DOI

  • Falk Böschen
  • Benjamin Strobel
  • Steffen Goos
  • Christoph Liebers
  • Bastian Rathje
  • Ansgar Scherp
Bar charts are widely used to visualize core results of experiments in research papers or display statistics in news, media, and other reports. However, visualizations like bar charts are mostly manually designed, static presentations of data without the option of adaption to a user's needs. But so far, it is unknown whether interactivity improves the understanding of charts. In this work, we compare static with dynamic bar charts, which offer an interactive stacking option. We assess the efficiency, effectiveness, and satisfaction when answering questions regarding the content of a bar chart. An eye-tracker is used to measure the efficiency. We have conducted a between group experiment with 38 participants. While one group had to solve the aggregation tasks using stackable, i.e., interactive bar charts, the other group was limited to static visualizations. Even though new interactive features require familiarization, we found that the stacking feature significantly helps completing the tasks with respect to efficiency, effectiveness, and satisfaction for bar charts of varying complexity.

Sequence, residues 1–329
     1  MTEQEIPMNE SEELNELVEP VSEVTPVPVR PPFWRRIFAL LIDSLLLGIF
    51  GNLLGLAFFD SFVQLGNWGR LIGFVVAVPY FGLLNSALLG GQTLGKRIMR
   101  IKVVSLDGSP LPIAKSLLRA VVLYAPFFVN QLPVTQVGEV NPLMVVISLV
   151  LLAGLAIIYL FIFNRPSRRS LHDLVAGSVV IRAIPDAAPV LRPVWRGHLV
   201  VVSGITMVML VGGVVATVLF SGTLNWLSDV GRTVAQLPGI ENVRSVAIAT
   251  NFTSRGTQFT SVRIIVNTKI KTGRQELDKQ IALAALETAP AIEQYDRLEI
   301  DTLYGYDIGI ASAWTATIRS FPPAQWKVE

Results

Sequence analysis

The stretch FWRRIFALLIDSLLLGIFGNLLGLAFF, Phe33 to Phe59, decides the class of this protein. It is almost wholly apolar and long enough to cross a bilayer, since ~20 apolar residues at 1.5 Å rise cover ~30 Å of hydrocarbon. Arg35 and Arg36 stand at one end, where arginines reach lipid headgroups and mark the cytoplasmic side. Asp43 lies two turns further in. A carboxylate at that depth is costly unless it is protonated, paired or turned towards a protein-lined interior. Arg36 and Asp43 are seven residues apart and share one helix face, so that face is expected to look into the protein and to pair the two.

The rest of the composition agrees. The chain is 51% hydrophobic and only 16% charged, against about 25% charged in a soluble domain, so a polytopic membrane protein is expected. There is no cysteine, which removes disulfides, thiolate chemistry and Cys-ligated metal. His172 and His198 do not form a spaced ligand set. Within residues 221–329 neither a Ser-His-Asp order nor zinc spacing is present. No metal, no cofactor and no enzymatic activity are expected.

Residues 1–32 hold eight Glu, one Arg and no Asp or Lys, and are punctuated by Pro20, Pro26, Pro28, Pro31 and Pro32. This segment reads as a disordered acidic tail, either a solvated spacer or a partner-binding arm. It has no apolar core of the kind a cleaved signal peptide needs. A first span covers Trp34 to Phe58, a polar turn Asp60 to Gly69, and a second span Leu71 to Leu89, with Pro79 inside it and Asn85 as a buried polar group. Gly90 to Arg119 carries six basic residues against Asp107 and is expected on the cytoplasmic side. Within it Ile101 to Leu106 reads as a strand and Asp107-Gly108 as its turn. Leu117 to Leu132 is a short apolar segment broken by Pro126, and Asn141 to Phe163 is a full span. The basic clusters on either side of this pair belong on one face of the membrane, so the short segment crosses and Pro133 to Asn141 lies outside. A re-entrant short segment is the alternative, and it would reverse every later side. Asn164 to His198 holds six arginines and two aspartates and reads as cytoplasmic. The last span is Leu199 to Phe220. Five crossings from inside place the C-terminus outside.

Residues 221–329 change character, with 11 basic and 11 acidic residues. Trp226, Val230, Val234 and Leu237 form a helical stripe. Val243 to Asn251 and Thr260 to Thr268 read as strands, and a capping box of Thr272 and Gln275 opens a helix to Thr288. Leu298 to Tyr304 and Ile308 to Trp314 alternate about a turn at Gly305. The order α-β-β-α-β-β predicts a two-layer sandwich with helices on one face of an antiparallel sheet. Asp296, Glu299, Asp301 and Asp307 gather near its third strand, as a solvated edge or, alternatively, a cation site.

Original languageEnglish
DOIs
StatePublished - 07.03.2017
Publication date07.03.2017
Number of pages4
PublisherACM New York, NY, USA

Proceedings

TitleCHIIR '17 Proceedings of the 2017 Conference on Human Information Interaction and Retrieval
Pages337-340

Conference information

TitleConference on Human Information Interaction and Retrieval (CHIIR)
No.2
PlaceOslo, Norway
Date07.03.1711.03.17

    Research areas

  • Methodological research and development - Human-centered computing, Interaction design, Visualization, Empirical studies in interaction design, Empirical studies in visualization, Interactive Bar Charts, Stacking, User Study, Eye-Tracking

ID: 723206